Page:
Here Come the Drones!
FAA-Approved Commercial Drone Flights Commence;
More to Follow as Regulation Slowly Evolves
Researched by Alex Friedman, Aerlex Intern Program
At the beginning of June, the Federal Aviation Administration (“FAA”) approved AeroVironment, a Southern California company, for the first over-land commercial drone operation in the United States. British Petroleum will employ the AeroVironment Puma to survey hard-to-reach pipelines, roads and equipment at Prudhoe Bay in Alaska. This approval comes as a myriad of companies have asked the FAA to approve their use of drones, also known as Unmanned Aircraft Systems (“UAS”), for commercial purposes. For example, the Motion Picture Association of America, along with several aerial photo and video production companies, has petitioned the FAA to approve drones for use in the production of films and TV shows.
Like AeroVironment and British Petroleum, many companies are quickly developing innovative drone technologies and applications which will enhance their businesses enterprises in groundbreaking ways. However, in the face of these fast-breaking developments in technology, the FAA currently permits commercial drone use only on a strict case-by-case basis. At the same time, the agency is struggling to meet the challenge of creating an effective regulatory framework for the full legalization of commercial drone flights in the United States.
To reach that goal, the FAA has selected six operators for the testing and development of UAS. These test site operators will conduct research and testing into the operational standards necessary to safely integrate UAS into the national airspace in the next few years. The six operators include the University of Alaska, the State of Nevada, New York’s Griffiss International Airport, the North Dakota Department of Commerce, Texas A&M University – Corpus Christi, and Virginia Polytechnic Institute and State University. As of June 24, 2014, the FAA has issued Certificates of Waiver or Authorization (“COA”) for UAS flights to begin at the North Dakota, Nevada, Texas and Alaska sites.
Each operator will focus on a specific set of research goals aimed at fulfilling the targets established in the FAA’s Unmanned Aircraft Systems Comprehensive Plan (“the Plan”), released on November 6th, 2013.The Plan, which was developed under the guidance of the Next Generation Air Transportation System (“NextGen”) Senior Policy Committee, outlines a series of national goals and objectives for the integration of civil UAS in the National Airspace System (“NAS”) by the 2015 deadline required by the FAA Modernization and Reform Act of 2012. Specifically, the plan lays out six high level goals:
1. Routine Public Small UAS Visual Line-of-Sight (VLOS) Operations Conducted in the NAS without special authorization ( 2015)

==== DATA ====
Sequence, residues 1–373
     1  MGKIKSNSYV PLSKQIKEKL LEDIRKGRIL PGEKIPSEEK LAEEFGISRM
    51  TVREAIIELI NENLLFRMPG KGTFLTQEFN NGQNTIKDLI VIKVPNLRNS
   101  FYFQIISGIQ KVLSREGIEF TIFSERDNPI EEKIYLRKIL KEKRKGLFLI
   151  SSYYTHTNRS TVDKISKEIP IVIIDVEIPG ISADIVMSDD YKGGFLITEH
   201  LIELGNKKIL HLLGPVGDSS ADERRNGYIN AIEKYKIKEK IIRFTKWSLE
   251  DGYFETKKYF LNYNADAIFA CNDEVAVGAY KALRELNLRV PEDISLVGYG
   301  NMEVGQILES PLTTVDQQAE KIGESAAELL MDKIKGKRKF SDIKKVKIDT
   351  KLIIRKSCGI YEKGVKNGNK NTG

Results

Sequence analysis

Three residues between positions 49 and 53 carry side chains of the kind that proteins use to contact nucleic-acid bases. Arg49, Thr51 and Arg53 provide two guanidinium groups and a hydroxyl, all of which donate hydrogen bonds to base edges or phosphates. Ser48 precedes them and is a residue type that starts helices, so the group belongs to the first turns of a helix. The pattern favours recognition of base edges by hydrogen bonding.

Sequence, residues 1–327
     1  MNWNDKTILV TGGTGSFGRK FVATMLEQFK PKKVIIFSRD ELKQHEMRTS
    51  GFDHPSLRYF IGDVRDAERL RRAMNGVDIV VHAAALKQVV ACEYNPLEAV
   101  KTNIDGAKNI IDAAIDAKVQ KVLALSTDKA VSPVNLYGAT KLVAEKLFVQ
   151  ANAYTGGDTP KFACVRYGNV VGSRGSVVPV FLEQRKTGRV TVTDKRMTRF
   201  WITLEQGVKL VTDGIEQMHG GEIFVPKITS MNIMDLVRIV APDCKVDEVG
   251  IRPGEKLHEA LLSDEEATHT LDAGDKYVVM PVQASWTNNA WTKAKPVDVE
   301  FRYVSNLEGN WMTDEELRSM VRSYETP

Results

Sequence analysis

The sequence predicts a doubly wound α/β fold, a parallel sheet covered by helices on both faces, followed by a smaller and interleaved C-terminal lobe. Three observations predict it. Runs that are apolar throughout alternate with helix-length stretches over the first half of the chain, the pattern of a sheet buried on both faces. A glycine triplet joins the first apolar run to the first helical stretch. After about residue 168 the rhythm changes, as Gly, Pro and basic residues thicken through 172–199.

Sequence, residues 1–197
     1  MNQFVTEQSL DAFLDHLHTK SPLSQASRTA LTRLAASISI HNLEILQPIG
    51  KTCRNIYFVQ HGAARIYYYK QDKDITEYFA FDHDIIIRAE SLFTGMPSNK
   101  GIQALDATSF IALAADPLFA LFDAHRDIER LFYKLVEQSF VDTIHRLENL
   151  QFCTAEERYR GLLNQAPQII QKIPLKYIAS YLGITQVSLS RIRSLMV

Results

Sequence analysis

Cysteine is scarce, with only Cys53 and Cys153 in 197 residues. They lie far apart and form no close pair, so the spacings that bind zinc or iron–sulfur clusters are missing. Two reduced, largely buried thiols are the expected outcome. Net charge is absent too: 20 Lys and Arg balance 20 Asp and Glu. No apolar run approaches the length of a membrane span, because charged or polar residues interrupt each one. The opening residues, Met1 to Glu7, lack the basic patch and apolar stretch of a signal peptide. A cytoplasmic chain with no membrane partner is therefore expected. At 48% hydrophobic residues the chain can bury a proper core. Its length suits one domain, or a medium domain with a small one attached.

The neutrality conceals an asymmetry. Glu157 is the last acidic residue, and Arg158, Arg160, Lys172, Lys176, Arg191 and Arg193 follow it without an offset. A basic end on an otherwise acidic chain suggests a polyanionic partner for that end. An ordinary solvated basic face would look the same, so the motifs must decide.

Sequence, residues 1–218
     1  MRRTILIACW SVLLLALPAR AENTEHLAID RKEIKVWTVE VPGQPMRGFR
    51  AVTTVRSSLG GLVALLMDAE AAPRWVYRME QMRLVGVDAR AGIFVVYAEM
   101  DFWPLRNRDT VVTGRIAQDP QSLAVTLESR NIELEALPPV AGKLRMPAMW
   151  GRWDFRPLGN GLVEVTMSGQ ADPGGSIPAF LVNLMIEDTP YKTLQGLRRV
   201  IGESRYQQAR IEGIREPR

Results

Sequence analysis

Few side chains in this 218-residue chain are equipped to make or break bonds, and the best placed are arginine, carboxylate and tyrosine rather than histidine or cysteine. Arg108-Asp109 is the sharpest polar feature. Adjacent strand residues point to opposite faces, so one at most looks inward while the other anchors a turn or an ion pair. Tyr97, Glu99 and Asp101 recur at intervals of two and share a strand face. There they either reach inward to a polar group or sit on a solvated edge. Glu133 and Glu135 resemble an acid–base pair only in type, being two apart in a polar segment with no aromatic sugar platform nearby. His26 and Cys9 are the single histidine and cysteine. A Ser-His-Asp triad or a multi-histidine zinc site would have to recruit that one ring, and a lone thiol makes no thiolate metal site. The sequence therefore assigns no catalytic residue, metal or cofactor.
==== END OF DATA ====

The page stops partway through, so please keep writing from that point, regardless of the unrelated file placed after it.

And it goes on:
2. Routine Civil Small UAS VLOS Operations Conducted in the NAS without special authorization (2015)
3. Routine Public UAS Operations in the NAS (2015)
4. Routing Civil UAS Operations in the NAS (2020)
5. Define, Determine, and Establish Acceptable Levels of Automation for UAS in the NAS (TBD)
6. Foster U.S. International Leadership in UAS Capabilities and in Standards Development (Ongoing)
In addition to these goals, the FAA defined eight National Objectives:
1. Establish Applicable Certification and Training Requirements for Pilots/Crew Members, Other UAS Operational Personnel, and Appropriate Air Navigation Service Provider (ANSP) Personnel
2. Approve Applicable Medical Requirements and Standards
3. Establish Applicable Airworthiness Certification Requirements
4. Implement Small UAS rules
5. Approve the Use of Ground Based Sense and Avoid (GBSAA) for UAS Operations
6. Approve the Use of Airborne Sense and Avoid (ABSAA) for UAS Operations
7. Develop and Integrate UAS Enabling Technologies within the NAS Infrastructure to Support Appropriate Levels of Automation
8. Approve Integrated Operations for Manned Aircraft and UAS in the NAS
The FAA defines “small UAS” as unmanned aircraft weighing less than 55 pounds and is currently developing a Notice of Proposed Rulemaking (“NPRM”) with the intent of providing safe small UAS access to the NAS. The FAA anticipates the release of this NPRM later this year.
The Plan also stresses the need for continued research and development as “the UAS National Goals to be achieved after initial integration in 2015 require technology solutions that are not fully available today.” This research will be conducted in collaboration with the Next Generation Air Transportation System, the Department of Transportation, the Department of Defense, the Department of Commerce, the Department of Homeland Security, NASA, and the Unmanned Aircraft Systems Aviation Rulemaking Committee.
Forecasts cited by the FAA predict $89.1 billion of worldwide expenditures and research related to UAS over the next decade and the FAA expects that within five years of the regulations taking effect there will be approximately 7,500 commercial drones operating in the United States.